The divine paradox of mistakes

The author points to a fresh way of looking at mistakes we commit

Illustration: A boy feeling guilty and a boy realising

I was with a dear friend who I was meeting after a very long time. We were discussing the psychology of mistakes—especially how we feel guilty about committing them and then subconsciously punish ourselves. What an utter waste of ‘mistakes’ this attitude was, I felt. Even as I was expressing this thought to my friend, I got a flash of insight—like a bolt of lightning—and I suddenly understood the real function of mistakes in our lives. I shared my insight with my friend, who thought it was a fascinating and useful perspective. Here’s what I learnt from my flash the other day.

I have observed that I always label something as a ‘mistake’ in hindsight—it’s as if I don’t approve of a decision or behaviour. In other words, it means that I don’t identify with the act, that it is not really me. As I understand them, my mistakes help me to know who I am. Because unless I know who I am not, I cannot know fully who I am. Seen this way, every mistake takes me a step closer to understanding who I am. Sometimes I may temporarily forget who I am. At such times, my mistakes remind me of my truth and bring me back home.

This means that when I become aware of a having committed blunder, instead of reprimanding myself or feeling guilty [which does nothing other than keep me focussed on the past], I should be thankful that my very recognition of it has helped me uncover an aspect of myself. I call this the divine paradox of mistakes. For, when I notice that I have hurt the feelings of another, it makes me aware of my intrinsic compassion. Or when I feel unhappy about a spell of anger or irritation, instead of feeling self-critical, I view it as a sign that, at the core, I value composure. So each time I hurt someone, I become even more compassionate than before; each and every time I lose my calm, I am a step closer to more calmness. This is how I discover who I am and who I am not.

Every mistake takes me a step closer to understanding who I am

This fresh way of looking at mistakes—as a process of self-discovery, rather than something worth condemnation—has many benefits. It propels me into living more fully, taking more risks and being open to experimenting with life. Decisions too come more easily to me as I am no longer afraid of making mistakes. After all, what’s the worst that can happen? Either I’ll succeed or I’ll learn more about myself. What’s more, viewing mistakes as signposts makes me more tolerant and understanding of others’ mistakes too. I now know that, just like me, they too are only on the path of discovering themselves.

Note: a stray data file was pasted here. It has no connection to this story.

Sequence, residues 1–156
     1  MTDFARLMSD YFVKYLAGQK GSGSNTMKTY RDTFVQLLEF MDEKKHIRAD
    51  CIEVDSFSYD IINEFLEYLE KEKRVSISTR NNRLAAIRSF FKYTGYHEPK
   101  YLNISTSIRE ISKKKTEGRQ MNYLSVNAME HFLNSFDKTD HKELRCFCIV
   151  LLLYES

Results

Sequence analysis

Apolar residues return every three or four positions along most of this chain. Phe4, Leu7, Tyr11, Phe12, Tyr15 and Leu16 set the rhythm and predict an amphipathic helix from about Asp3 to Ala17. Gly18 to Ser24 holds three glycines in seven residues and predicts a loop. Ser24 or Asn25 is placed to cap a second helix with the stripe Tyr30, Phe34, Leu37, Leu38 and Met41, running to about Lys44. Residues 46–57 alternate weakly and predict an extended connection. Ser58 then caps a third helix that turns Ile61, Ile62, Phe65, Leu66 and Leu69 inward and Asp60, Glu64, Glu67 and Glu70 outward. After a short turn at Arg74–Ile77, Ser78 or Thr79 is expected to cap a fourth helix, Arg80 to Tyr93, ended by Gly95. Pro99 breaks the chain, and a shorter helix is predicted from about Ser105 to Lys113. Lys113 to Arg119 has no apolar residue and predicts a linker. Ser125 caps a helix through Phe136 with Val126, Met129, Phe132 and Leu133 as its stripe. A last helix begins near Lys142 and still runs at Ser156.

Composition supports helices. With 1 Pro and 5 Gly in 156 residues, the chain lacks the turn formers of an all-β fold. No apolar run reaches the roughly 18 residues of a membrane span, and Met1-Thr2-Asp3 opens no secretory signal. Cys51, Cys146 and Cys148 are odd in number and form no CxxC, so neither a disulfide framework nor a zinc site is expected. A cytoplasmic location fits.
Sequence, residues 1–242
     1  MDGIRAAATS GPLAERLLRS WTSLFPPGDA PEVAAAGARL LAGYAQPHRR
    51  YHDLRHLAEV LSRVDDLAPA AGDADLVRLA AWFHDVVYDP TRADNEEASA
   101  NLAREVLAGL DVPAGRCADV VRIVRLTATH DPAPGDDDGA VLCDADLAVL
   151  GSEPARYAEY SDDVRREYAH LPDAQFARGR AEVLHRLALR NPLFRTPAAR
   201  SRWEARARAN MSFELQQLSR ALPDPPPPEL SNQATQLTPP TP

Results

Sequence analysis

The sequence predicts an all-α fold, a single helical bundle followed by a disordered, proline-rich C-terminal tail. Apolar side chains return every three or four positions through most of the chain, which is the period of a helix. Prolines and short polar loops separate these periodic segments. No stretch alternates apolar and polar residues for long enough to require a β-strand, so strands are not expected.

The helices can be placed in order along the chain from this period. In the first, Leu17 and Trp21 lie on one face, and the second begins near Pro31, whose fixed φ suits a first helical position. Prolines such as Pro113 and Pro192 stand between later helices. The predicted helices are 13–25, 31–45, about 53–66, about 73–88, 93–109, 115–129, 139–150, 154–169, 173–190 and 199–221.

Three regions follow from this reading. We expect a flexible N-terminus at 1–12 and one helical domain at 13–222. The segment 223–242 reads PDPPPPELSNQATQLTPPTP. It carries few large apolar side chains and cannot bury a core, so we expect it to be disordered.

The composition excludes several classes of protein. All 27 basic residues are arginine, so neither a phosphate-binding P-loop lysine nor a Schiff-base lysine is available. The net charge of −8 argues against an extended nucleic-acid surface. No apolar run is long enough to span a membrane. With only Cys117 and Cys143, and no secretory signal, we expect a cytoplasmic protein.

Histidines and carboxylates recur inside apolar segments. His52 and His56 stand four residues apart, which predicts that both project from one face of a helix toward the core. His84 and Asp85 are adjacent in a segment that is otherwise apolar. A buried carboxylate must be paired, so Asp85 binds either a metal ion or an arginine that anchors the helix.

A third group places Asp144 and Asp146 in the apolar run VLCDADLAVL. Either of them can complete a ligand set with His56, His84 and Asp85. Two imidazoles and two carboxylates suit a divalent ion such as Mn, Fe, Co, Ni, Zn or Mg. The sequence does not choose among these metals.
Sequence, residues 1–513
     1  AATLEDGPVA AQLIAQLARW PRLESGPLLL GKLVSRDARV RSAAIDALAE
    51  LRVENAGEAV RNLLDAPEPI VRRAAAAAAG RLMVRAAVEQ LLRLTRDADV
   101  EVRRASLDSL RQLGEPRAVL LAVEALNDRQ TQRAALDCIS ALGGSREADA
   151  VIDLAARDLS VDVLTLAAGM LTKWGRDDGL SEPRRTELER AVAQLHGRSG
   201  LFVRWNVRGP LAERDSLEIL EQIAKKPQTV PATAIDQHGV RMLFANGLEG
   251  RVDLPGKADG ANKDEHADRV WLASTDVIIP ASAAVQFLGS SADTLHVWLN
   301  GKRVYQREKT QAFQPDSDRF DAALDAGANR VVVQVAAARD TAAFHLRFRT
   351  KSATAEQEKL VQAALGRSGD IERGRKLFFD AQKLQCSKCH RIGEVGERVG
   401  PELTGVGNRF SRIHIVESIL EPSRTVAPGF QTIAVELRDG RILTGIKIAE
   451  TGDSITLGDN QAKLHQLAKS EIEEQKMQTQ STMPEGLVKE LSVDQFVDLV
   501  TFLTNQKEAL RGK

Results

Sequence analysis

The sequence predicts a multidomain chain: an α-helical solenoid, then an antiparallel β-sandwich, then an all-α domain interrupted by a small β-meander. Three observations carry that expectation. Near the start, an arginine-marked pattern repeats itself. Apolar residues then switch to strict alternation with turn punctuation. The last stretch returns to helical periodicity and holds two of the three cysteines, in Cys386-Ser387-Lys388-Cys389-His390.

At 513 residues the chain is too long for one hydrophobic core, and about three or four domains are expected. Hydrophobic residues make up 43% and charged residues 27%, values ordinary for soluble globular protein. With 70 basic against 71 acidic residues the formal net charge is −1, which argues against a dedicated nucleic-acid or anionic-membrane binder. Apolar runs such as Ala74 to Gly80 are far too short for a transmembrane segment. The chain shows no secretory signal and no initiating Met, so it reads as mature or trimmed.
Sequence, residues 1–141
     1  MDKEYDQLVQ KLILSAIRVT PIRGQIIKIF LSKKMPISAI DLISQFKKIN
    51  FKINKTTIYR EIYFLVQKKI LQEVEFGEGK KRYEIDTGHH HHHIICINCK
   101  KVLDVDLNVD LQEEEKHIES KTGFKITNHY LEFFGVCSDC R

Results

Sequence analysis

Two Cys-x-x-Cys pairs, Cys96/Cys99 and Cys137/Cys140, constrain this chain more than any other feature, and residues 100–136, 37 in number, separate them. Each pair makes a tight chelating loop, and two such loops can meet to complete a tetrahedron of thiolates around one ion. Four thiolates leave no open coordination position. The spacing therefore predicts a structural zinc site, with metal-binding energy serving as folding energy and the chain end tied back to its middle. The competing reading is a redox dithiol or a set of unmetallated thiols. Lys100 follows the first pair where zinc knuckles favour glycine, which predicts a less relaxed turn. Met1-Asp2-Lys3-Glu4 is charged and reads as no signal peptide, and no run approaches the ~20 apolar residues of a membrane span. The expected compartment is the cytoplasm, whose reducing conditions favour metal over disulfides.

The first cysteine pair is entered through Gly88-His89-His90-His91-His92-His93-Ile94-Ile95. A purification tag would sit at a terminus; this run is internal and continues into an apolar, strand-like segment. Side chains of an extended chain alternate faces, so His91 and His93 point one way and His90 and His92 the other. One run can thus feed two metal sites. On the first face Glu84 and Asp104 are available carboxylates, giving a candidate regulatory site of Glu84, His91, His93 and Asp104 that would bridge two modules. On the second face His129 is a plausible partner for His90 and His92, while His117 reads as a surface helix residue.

Also read » Good mistakes

Of course, only spontaneous acts, devoid of any prior knowing or intent, can be called mistakes and are useful. If I knowingly commit a mistake, it will not aid my self-discovery. In fact, such a deed cannot be called a mistake at all. It is just a clever way my ego may disguise its selfish goals, and later defend it by calling it a mistake.


This was first published in the February 2015 issue of Complete Wellbeing magazine.

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Manoj Khatri
Manoj Khatri considers himself a student and teacher of the wisdom of love. He is also a writer-editor and has written on topics ranging from strategic marketing and business management to art, culture and even philosophy. His more than 1200 published stories—articles, interviews, full-length features—have appeared in some of the leading newspapers and magazines of India. A certified cognitive behavioural therapist, he works as a personal counsellor too. He is the author of What a thought!, a critically acclaimed book based on powerful ideas of some of the greatest thought leaders. Manoj runs Complete Wellbeing and believes that "peace begins with me".

1 COMMENT

  1. That makes a lot of sense. Mistakes are probably also the way we can realise not to take life and our own selves too seriously. I mean if one can be more playful than uptight, one possibly can learn from mistakes and persuade those who suffered from your mistakes more easily and quickly.

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